Sandy MacDonald, Head of Sustainability at Standard Life Aberdeen, writes for our blog on Living Wage Week.
In his recent blog, Ewan mentioned the work of the Edinburgh Poverty Commission. This week (9-15 November) is Living Wage Week, and he’s kindly given me an opportunity to talk more about an area of the Commission’s report I am especially passionate about - the Living Wage and fair work.
Pre-Covid, 59% of people in poverty in Edinburgh were in working households. In our citizen survey, conducted for us by the Scottish Poverty and Inequality Research Unit last year, ‘work does not pay enough’ was the single factor most commonly raised as a cause of poverty – cited by 83% of all respondents. As one person told us, “The wages of average jobs do not keep up with the cost of living... This means working becomes only a means to survival and not prospering.”
As well as low pay, insecure and unpredictable work is a huge issue. Many people told us they could not be sure how much they would be paid next week or how many hours they would be expected to work. This led to having to make impossible decisions about how to manage their living costs, and being unable to plan family life. Unsurprisingly, this is stressful and negatively impacts on people’s mental health.
Women, young people, carers, ethnic minorities, and those with a disability are all more likely to be in low-paid or insecure work. With unemployment projected to rise, and the recession hitting key Edinburgh industries such as hospitality, tourism and non-food retail especially hard, the city needs to act to support those groups with the least opportunity to bounce back.
Living Wage Week recognises Living Wage employers who are making a voluntary commitment to pay more than the statutory minimum. Living Wage accreditation is significant not just for the initial pay increase, but in ensuring workers’ salaries keep pace with the cost of living over time. My employer, Standard Life Aberdeen, has been a Living Wage employer since 2013 and recently became one of the first two UK businesses accrediting as a Living Hours employer, focusing on the stability and regularity of hours. This is easier for us to do than many other organisations, but we hope that if we can prove the concept works, then others can sign up too.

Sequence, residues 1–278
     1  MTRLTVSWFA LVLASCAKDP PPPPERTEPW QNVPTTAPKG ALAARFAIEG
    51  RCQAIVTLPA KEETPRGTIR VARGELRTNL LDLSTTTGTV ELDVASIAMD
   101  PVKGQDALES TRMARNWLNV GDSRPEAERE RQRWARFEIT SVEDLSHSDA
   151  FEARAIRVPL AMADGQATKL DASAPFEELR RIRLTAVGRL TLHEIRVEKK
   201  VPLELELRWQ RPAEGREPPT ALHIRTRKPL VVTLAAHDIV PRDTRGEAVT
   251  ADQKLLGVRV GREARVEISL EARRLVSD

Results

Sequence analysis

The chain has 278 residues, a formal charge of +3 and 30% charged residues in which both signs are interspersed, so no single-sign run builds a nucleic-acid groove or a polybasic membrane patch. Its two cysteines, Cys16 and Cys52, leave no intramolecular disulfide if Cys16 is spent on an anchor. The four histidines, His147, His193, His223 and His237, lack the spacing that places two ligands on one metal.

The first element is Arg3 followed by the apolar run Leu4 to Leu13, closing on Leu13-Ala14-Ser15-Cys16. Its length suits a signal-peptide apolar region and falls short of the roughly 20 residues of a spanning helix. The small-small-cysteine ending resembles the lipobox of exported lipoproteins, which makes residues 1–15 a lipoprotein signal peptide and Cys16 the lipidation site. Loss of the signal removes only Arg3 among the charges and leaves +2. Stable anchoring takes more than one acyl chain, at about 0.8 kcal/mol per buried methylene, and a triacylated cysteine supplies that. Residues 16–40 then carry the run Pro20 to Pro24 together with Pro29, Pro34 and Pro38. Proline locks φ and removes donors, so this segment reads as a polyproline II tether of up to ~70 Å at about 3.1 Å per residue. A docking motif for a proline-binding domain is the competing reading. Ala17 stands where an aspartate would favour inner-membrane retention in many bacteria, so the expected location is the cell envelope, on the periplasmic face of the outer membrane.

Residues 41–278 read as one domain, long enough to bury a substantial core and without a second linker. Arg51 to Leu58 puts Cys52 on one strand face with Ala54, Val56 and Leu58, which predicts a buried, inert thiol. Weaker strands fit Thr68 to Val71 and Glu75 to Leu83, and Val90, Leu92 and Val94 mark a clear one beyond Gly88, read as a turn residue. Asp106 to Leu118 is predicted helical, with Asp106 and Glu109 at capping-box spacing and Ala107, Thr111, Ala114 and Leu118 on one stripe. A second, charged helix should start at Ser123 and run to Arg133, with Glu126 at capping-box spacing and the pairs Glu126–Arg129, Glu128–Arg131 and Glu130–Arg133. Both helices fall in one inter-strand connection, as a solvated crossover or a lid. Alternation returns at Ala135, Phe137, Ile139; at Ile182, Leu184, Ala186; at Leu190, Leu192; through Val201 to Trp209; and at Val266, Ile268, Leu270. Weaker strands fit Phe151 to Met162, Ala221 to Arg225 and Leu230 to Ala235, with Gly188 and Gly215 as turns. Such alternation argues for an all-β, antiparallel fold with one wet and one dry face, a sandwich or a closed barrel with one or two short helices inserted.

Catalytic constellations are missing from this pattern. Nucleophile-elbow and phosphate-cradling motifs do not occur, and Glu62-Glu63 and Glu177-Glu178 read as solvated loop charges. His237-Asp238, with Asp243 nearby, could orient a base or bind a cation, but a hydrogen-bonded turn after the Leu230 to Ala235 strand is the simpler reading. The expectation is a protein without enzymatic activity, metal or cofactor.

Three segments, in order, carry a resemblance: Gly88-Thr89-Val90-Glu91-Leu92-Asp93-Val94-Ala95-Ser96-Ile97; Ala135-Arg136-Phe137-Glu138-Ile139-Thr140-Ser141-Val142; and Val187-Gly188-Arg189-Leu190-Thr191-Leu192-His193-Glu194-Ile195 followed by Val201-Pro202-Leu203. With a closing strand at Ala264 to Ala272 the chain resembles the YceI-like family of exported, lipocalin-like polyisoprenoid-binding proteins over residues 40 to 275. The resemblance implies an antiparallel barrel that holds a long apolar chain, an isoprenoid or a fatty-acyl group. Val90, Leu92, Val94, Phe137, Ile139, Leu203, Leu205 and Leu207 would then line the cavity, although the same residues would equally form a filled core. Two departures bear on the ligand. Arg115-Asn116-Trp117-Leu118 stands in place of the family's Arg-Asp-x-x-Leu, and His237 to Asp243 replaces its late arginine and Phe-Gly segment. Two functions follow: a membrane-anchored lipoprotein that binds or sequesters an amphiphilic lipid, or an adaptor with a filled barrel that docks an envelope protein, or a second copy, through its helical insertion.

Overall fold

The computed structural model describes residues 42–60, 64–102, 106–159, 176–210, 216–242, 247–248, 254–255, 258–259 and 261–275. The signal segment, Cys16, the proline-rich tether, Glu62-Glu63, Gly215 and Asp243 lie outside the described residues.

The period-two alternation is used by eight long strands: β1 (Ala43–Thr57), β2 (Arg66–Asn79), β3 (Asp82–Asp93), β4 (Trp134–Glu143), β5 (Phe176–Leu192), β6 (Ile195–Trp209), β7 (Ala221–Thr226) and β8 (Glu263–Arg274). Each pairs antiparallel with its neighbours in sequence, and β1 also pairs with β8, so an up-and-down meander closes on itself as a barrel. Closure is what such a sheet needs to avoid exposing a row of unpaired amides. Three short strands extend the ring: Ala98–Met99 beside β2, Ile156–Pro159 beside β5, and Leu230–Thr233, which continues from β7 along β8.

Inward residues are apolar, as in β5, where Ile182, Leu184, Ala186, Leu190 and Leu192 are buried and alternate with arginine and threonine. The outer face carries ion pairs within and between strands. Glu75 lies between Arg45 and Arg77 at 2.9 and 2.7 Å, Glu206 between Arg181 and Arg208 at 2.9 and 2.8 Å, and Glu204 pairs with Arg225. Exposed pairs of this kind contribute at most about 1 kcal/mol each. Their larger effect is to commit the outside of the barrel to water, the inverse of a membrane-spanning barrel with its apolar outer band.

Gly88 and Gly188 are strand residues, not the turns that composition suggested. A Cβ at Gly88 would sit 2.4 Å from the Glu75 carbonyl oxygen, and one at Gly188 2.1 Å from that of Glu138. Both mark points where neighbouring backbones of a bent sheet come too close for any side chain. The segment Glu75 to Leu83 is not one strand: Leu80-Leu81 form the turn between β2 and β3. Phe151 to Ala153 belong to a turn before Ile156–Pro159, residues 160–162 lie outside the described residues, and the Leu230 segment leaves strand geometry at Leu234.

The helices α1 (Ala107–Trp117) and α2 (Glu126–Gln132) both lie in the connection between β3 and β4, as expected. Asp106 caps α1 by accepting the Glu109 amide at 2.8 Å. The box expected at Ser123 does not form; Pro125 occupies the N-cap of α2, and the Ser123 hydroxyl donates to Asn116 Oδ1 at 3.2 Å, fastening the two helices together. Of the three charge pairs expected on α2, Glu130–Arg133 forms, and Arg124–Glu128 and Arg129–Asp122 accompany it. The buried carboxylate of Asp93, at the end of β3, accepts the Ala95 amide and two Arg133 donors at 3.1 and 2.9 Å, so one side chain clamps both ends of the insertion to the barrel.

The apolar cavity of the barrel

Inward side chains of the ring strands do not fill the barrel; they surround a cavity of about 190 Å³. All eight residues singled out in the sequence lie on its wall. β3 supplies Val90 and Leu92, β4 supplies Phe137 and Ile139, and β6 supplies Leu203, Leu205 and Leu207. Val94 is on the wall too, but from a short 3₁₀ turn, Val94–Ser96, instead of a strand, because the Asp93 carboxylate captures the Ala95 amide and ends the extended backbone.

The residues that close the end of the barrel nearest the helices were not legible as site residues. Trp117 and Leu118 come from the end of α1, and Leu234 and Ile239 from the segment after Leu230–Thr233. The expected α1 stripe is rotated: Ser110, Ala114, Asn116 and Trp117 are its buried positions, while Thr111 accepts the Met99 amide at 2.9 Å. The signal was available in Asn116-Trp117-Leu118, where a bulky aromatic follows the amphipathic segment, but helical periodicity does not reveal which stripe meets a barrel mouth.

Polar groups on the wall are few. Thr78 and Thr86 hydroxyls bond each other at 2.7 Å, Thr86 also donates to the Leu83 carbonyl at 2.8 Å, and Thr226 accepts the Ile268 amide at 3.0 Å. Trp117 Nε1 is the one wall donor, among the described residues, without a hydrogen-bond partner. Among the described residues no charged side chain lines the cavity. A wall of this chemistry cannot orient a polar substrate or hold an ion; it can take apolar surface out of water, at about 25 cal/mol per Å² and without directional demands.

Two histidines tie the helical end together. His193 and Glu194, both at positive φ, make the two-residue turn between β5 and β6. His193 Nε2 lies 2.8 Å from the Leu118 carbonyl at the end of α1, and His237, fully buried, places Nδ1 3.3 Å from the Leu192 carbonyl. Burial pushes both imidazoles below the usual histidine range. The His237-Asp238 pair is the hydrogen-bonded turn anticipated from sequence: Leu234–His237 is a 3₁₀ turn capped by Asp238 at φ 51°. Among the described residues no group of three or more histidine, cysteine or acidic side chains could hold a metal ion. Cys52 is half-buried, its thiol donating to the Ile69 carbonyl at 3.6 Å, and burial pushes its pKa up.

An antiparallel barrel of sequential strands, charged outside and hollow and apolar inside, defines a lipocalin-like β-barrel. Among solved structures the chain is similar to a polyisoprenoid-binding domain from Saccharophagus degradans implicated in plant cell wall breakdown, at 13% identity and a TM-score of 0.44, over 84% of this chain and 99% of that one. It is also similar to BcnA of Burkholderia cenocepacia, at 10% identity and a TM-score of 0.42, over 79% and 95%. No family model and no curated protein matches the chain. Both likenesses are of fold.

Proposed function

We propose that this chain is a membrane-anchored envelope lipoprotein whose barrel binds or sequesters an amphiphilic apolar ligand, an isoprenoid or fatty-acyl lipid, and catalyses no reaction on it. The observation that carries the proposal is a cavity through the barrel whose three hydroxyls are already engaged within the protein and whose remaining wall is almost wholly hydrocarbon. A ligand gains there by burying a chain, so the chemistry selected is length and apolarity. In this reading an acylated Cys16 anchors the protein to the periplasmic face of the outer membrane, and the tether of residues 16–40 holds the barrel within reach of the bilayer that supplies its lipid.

Coming out of recession Edinburgh is still likely to be the city in Scotland best placed to recover and create new jobs. The challenge is to make sure that the economic recovery can benefit everyone. At the moment there are an estimated 386 accredited living wage employers in Edinburgh, and our ambition is to at least double the number of living wage accredited employers in Edinburgh over the next three years.
I’m really pleased to see Edinburgh also committing to another key action in the Commission’s report. It remains clear that “talent is everywhere, but opportunity is not”. Jobs that do offer better pay, security and opportunities for progression are often not as accessible as they should be for people from all backgrounds. In his Scottish Young Person’s Guarantee report, Sandy Begbie CBE, challenged the government and employers across sectors to ‘leave no-one behind’. After the last recession, Edinburgh led the way in developing the Edinburgh Guarantee. This time, Edinburgh Council and other anchor organisations are committing to develop an ‘Edinburgh Guarantee for All’, extending the guarantee so that anyone out of work in the city can access the support they need to progress. We want to make sure support does not end with access to a job, but stays with people for as long as it takes to achieve the progress in skills and earnings they need to be free of in-work poverty.
The aims I’ve outlined will require huge commitment and will be difficult to achieve. At a time like this though, it’s important to be able to visualise and build hope for a better future. Edinburgh has one of the most successful local economies in Scotland, with world-renowned institutions in all sectors. My hope is that we can use these strengths and work together to ensure that fair work can become an effective pathway out of poverty for all our citizens.